A paper published by the Council of Scientific and Industrial Research National Physical Laboratory (CSIR-NPL) — the National Measurement Institute (NMI) of India and the custodian of IST proposes the necessity of two time zones in India. The authors use the scientific research by Nobel Prize winners, Jeffrey C. Hall, Michael Rosbah and Michael W. Young on how the circadian rhythm and physiological processes rule the biological species as one of the reasons to push for two time zones in India. 

Paraphrasing the CSIR-NPL explanation of the concept — biological species (such as humans) are ruled by internal clocks (biological clocks) that run on a 24 hour light-dark cycle in synchronisation with the sun. Hall, Rosbah and Young isolated a gene that controls the normal daily biological rhythm. In effect humans sleep at night and wake up with sunlight. As humans move from one time zone to another, their bodies require resynchronisation of their biological clocks, which leads to sleeping at odd hours or commonly known as ‘jetlag.’ 

Natural processes in the body as studied shows that the most efficient hours for work and productivity are between 9AM to 5:30 PM as it synchronises with the circadian rhythm. If work times and the circadian rhythm are not synchronised, the working efficiency can be compromised. If the sun rises earlier than the accepted time zone, the phase of high alertness of biological responses could be wasted, whereas when the sun rises later, people at work could be less efficient as their body processes are still waking up to the light-dark cycle.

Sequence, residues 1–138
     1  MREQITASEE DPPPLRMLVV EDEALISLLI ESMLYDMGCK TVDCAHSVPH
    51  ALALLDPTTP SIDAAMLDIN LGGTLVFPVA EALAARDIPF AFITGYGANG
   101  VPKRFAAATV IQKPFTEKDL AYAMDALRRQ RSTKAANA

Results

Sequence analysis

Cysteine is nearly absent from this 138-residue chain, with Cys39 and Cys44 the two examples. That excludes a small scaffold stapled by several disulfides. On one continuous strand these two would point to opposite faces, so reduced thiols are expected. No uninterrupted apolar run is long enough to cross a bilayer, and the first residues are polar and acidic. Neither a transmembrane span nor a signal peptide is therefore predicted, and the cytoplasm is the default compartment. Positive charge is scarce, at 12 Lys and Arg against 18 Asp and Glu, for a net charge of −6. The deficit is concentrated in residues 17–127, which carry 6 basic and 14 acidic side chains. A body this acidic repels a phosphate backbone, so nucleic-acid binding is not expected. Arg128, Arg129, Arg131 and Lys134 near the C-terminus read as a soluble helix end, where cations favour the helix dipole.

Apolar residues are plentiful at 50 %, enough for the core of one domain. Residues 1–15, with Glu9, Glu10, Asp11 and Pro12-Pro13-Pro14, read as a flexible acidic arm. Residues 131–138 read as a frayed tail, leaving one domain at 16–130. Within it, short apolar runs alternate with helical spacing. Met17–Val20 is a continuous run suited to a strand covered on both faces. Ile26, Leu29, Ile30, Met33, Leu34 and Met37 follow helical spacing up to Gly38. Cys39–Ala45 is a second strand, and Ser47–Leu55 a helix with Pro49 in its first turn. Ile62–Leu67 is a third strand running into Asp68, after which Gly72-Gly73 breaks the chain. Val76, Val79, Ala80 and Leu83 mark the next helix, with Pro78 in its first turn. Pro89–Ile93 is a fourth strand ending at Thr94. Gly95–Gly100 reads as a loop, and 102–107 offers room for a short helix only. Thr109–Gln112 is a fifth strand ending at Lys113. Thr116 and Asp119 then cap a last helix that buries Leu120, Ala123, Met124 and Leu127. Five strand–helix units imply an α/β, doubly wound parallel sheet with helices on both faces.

The CSIR-NPL paper also posits that some 20 million kilowatt hours of energy could be saved by creating a second time zone. Which is a significant saving in light of India’s efforts to combat climate change. The negative consequences of a single time zone are also felt by children in Gujarat if research by Maulik Jagnani is to be believed. Schools in Gujarat start as early as 8:30 AM, while the sun rises around 8AM at places. This situation is not ideal for the biological clock. It has real time consequences to educational outcomes that could be sub-optimal and lead to reduction in school enrolments by almost 11%. Jagnani’s research attempts to quantify the human capital cost of roughly 4.1 billion dollars (Rs. 29,000 Cr.) annually. 


Continuing with IST and a single time zone is continuing with the colonial ideas of order rather than looking at ways to improve the lives of Indian citizens. 

The lack of a commonsensical approach to this policy has led to an interesting system in Assam, where tea plantations follow ‘chaibagaan’ time, where the clocks are set one hour ahead of IST. This unilateral decision taken by the Tarun Gogoi government in 2014, showcases the state’s irritation with the Union over its approach to the question over the continued usage of IST. 

By decolonising time as how we perceive it today and looking at solutions that aid the modern Indian state, the Union Government would be chipping away at another colonial legacy holding back the nation.